Alfred Abbott, 'Scotch Church, & Mechanics' Institute', Launceston, 1861 (W.L. Crowther Library, SLT)
Mechanics' Institutes originated in Edinburgh in 1821 and soon spread to the rest of the British Isles and throughout the world. They sought to give skilled working men education for life and work, providing lectures, classes, libraries and even museums. Australia's first mechanics' institute was established in Hobart Town in 1827. This Van Diemen's Land Mechanics' Institute had a chequered early career, but flourished when the Presbyterian Rev John Lillie became president in 1839, his lectures providing 'the high-water mark of learning publicly disseminated' in the colony. But mechanics stayed away, repelled by the exclusivity and paternalism that pervaded the Institute. Unable to repay its debts and losing support, it folded in 1871.
The most successful mechanics' institute was established in Launceston in 1842 with the support of Congregational minister, journalist and historian John West. From private and official sources, £8000 was raised for an institute building, designed by eminent architect WH Clayton. This Italianate edifice remained the centre of culture and an ornament to the town until demolished in 1971. Its books and periodicals became part of the city's public library. Less impressive but still noteworthy were the Franklin, Huon, Don, Waratah, Port Esperance, Ellesmere (later Scottsdale), Emu Bay, Ringarooma and Queenstown mechanics' institutes. The word 'mechanics' did not form part of the name of the Bellerive, Campbell Town, Devon, Glenora, Green Ponds, Hamilton-on-Forth, Lefroy, Oatlands, Sorell, Stanley and Wynyard institutes, but they had similar aims to mechanics' institutes. Related but short-lived societies included the Tasmanian Society for the Diffusion of Useful Knowledge (Launceston, 1831), the Tasmanian Society for the Acquisition of Useful Knowledge (Hobart Town, 1845), and the Mechanics' School of Arts (Hobart Town, 1850).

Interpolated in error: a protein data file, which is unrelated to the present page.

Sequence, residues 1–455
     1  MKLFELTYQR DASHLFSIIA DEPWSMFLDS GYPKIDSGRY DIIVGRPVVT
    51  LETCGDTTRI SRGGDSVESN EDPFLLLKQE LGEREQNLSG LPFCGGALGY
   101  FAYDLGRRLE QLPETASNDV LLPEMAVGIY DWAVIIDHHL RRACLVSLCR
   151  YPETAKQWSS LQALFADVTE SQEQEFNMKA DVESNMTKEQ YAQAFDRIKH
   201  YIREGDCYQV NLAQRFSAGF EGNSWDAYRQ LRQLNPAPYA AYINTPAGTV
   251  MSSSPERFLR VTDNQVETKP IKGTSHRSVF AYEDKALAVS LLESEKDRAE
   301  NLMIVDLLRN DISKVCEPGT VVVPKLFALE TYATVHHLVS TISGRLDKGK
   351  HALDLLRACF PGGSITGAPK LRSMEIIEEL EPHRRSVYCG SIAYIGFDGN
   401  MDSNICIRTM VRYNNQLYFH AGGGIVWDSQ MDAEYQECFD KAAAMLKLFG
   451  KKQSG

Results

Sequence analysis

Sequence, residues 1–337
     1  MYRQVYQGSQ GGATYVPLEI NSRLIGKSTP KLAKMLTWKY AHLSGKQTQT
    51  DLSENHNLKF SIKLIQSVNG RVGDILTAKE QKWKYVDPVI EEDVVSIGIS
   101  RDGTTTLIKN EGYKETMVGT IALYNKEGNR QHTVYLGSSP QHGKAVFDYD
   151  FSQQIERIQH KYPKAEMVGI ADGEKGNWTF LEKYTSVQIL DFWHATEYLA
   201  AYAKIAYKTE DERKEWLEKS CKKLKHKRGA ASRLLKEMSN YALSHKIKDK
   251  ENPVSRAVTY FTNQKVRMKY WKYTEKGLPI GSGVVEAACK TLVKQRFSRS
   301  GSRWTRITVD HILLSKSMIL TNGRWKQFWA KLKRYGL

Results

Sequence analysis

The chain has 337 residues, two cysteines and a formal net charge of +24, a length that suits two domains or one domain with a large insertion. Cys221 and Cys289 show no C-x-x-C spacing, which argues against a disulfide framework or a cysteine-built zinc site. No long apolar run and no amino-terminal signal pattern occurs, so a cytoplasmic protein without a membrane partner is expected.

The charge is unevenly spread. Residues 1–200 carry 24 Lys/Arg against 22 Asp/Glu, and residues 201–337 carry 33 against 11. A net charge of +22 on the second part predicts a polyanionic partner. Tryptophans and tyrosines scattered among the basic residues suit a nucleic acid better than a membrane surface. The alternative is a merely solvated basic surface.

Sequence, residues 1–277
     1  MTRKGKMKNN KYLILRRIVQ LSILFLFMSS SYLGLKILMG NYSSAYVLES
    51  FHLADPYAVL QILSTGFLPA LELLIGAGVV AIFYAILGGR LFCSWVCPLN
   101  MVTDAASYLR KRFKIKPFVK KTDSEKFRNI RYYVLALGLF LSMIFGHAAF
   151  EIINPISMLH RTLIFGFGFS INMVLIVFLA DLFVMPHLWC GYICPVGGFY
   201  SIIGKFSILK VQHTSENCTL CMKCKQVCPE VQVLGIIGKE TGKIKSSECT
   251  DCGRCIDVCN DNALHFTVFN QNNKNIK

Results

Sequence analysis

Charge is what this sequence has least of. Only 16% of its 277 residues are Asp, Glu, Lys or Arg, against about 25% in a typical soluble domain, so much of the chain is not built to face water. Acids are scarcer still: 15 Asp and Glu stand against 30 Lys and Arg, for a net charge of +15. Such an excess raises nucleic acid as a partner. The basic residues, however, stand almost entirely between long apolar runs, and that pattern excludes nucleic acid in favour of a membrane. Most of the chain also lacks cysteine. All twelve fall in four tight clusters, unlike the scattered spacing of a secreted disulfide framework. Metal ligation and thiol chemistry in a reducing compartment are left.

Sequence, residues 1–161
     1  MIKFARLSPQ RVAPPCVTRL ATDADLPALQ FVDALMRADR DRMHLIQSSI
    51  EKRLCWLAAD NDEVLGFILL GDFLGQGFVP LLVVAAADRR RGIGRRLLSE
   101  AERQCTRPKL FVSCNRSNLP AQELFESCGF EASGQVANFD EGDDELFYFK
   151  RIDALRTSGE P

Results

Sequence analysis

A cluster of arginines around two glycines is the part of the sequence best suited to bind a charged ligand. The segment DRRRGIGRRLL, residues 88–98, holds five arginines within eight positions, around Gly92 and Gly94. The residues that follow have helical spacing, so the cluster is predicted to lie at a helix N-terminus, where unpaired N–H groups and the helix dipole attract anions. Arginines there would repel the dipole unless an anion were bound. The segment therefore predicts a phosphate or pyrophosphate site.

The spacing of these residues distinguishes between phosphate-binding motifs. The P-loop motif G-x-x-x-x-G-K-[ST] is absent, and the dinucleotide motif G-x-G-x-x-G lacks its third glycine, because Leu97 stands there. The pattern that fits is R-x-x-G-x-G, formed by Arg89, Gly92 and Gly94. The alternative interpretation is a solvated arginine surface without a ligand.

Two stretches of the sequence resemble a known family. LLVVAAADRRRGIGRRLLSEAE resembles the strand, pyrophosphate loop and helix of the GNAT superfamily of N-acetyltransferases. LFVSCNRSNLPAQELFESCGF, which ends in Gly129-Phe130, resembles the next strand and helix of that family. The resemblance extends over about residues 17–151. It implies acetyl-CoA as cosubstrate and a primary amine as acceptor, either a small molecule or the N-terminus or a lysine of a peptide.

Most mechanics' institutes failed in their educational aims and became congenial places of resort for middle-class patrons, including women. The libraries pandered to their non-demanding tastes, and lectures proved less attractive than musical performances and entertainments of various kinds, such as penny readings. While institute buildings have survived, sometimes as community centres or libraries, the worthy ideals of the founders – self-improvement, self-discipline, class co-operation and cultural egalitarianism – have long been forgotten.
Further reading: G Nadel, Australia's colonial culture, Cambridge, 1957; S Petrow, 'The life and death of the Hobart Town Mechanics' Institute 1827–1871', THRAPP 40/1, 1993; S Petrow, Going to the mechanics, Launceston, 1998.